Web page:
$10,000 raised at Sly's Chili Cook-off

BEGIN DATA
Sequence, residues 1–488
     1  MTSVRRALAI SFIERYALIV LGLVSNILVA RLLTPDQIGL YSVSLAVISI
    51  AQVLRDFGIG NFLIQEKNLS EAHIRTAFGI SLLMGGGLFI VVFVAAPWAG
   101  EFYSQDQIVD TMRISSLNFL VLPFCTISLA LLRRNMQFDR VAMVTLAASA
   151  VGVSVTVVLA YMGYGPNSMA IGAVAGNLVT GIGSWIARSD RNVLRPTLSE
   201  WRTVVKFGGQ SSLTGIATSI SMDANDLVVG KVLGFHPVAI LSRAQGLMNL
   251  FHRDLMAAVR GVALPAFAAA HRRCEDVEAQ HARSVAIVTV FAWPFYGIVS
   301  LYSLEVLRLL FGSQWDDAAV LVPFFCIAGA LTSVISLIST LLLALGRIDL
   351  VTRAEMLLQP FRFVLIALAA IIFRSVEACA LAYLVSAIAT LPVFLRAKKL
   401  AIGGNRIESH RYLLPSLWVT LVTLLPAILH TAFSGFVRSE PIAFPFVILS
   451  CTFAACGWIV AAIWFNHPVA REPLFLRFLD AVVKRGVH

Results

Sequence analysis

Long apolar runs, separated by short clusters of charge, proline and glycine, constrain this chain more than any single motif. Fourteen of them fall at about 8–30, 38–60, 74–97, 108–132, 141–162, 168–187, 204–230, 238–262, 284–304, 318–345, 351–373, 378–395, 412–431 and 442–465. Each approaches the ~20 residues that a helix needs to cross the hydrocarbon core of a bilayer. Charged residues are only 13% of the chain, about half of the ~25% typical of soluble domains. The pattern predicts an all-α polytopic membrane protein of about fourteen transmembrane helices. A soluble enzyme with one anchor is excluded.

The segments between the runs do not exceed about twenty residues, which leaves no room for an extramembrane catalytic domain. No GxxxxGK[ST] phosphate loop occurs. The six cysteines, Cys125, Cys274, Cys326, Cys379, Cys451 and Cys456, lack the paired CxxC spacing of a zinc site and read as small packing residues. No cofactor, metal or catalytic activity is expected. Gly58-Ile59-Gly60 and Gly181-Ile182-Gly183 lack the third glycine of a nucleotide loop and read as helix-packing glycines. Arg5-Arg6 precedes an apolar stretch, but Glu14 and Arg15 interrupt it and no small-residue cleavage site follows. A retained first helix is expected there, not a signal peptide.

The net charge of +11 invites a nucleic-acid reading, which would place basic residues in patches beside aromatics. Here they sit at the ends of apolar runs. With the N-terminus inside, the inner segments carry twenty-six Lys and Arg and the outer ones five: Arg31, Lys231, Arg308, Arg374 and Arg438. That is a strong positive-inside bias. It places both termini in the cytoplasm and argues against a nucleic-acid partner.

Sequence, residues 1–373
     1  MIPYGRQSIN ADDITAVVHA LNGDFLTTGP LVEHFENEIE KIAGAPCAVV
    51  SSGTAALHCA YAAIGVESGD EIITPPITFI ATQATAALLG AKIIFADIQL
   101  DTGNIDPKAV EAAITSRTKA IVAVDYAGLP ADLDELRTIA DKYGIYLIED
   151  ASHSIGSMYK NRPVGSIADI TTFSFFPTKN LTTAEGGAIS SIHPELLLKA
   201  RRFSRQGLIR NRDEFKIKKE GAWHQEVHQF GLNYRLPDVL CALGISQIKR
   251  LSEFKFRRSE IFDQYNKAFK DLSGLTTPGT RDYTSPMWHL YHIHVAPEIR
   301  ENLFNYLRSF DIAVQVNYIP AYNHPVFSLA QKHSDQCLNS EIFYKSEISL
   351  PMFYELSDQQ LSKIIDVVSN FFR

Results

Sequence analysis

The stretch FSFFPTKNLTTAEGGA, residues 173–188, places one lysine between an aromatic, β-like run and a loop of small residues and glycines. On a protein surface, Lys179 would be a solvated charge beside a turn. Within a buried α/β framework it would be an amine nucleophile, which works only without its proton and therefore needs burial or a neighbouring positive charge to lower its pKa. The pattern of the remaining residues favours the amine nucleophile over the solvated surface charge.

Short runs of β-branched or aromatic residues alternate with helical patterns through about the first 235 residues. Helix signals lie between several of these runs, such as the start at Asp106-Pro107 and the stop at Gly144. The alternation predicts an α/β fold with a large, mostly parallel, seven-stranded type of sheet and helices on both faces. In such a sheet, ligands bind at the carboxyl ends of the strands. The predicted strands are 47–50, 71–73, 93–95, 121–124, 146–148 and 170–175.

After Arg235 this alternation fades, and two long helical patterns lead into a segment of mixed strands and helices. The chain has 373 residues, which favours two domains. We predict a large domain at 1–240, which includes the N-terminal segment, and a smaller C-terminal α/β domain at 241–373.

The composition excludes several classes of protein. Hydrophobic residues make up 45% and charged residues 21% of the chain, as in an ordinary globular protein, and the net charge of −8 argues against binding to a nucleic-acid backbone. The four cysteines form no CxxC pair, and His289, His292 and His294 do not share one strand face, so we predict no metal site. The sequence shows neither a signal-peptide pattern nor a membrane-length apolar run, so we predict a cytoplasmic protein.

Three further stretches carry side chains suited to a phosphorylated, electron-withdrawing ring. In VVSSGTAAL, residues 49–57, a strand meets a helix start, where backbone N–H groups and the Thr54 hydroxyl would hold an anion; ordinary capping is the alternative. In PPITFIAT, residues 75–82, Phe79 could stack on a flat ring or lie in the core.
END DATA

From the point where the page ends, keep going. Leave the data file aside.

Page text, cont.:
What started as a simple idea six years ago, has grown into a major fund-raiser for a local charitable organization. The Sixth Annual Chili Cook-off at Sylvester’s Bar and Lounge in Broken Bow is a testament to its value. Each year, the business selects a local non-profit, charitable organization to raise money for. Head Start was chosen the first year, followed by the domestic violence prevention arm of Cedars, Central Plains Center for Services the third year, CNCS and their outreach program the fourth, Lions Club the fifth, and this year the Children’s Christmas Fund. The first year they had 20 chilies entered in the competition, and they raised $6,000. This year there were 39 chilies and when it was all said and done, $10,111 was donated to the Children’s Fund. “It’s all about giving back,” said Fred Schumacher, owner of Sylvester's. “We wanted to do something for the community,” said Jeannie Connely-Skolil, the person behind the original idea, and event chairperson. “At first we were worried about the room, and then we came up with the idea of having folks make the chili at home and just bring it in. Head Start had a donation can sitting at the bar, so we thought why not do this for a charity.” The first year things went well enough they decided to do it again, only do it for a different organization in the community. A little something is learned each year. “We wanted the money raised at the event to stay at home,” said Fred, explaining why they don’t consider the big national, or statewide organizations. “We wanted the focus to be on kids, and to do something for people in need,” Jeannie added. “It’s been an eye opener for us,” said Fred. “We’ve been blessed to do OK and we wanted to find a way to give back. I feel blessed to have been able to find something I’m good at and to find something I enjoy.” Fred has been the owner operator of Sylvester's since November 1989. The bar provides the venue for the annual event. Both he and Jeannie were quick to say if it weren’t for the community, they wouldn’t be able to accomplish what they’ve been able to do. “If it weren’t for the people who donate and if it weren’t for the people at the auction ...” commented Fred, looking for the words to express his gratitude. “It’s a fun night,” Jeannie said, adding that at least she thinks it might be fun. She takes her job keeping the event organized seriously. The packed house Saturday reflected her observations. Folks were there early to savor any of the 39 different chilies. Judges Pat Asuncion, Terry Eichelberger, Ron Price, Keith Moninger, Dorsett Sennett and David J. Birnie declared Tammy and Dennis Heying’s chili to be best, with Joanne Sadler coming in second and Larry Yantzie third. An estimated 175 items were donated to be auctioned. Included in the evening’s givings were the tips earned by the wait staff; Sheila Applegarth, Sara Stithem, Ashley Eley, Jennifer Strickland and Pat Horn. Josh and Geoff Cook volunteered their services as auctioneers, and Freddi Eichelberger, Rhonda Sheneman and Pam Gaston rounded out the group of volunteers. The Children’s Christmas Fund has provided for children in need for nearly 60 years. It started when a trio of businessmen got together with an idea. They wanted to gather a couple of Christmas presents, a few trimmings for the tree and some food for the homes of a family or two they knew to be struggling. Over the next couple of years, as the number of families on the list multiplied, the trio went public with a pleas for help. It wasn’t long before they asked the Broken Bow Does to partner with the project. This past Christmas, the fund provided for more than 500 needy children and their families. The names each year come through a variety of sources, Health and Human Services, the Ministerial Association, area school systems ... What remains constant is the need, the quiet way that the Christmas Fund works, and the humbling effect it has on its volunteers. “It’s all about the Children,” said Fund Board Member Carolyn Mohler through tears Monday as she received the money from Jeannie and Fred. Parallel to the desires of Jeannie and Fred for the money to stay local, the Children’s Fund Board has the same drive. “100 percent of the money donated to the Children’s Christmas Fund goes to help those less fortunate, and 100 percent of those funds stay at home,” stated board member Deb McCaslin. The fund serves children, not just at Christmas, but year round. There are no overhead costs and no salaries to pay. Everyone working for and working with the Children's Christmas Fund serves as a volunteer. Five years ago the fund filed formal articles of non-profit incorporation naming Mohler, Juliana Jenkins, Ann Kawata, Pat Jackson and McCaslin to the board. On behalf of the children in need the board says, “Thank You!”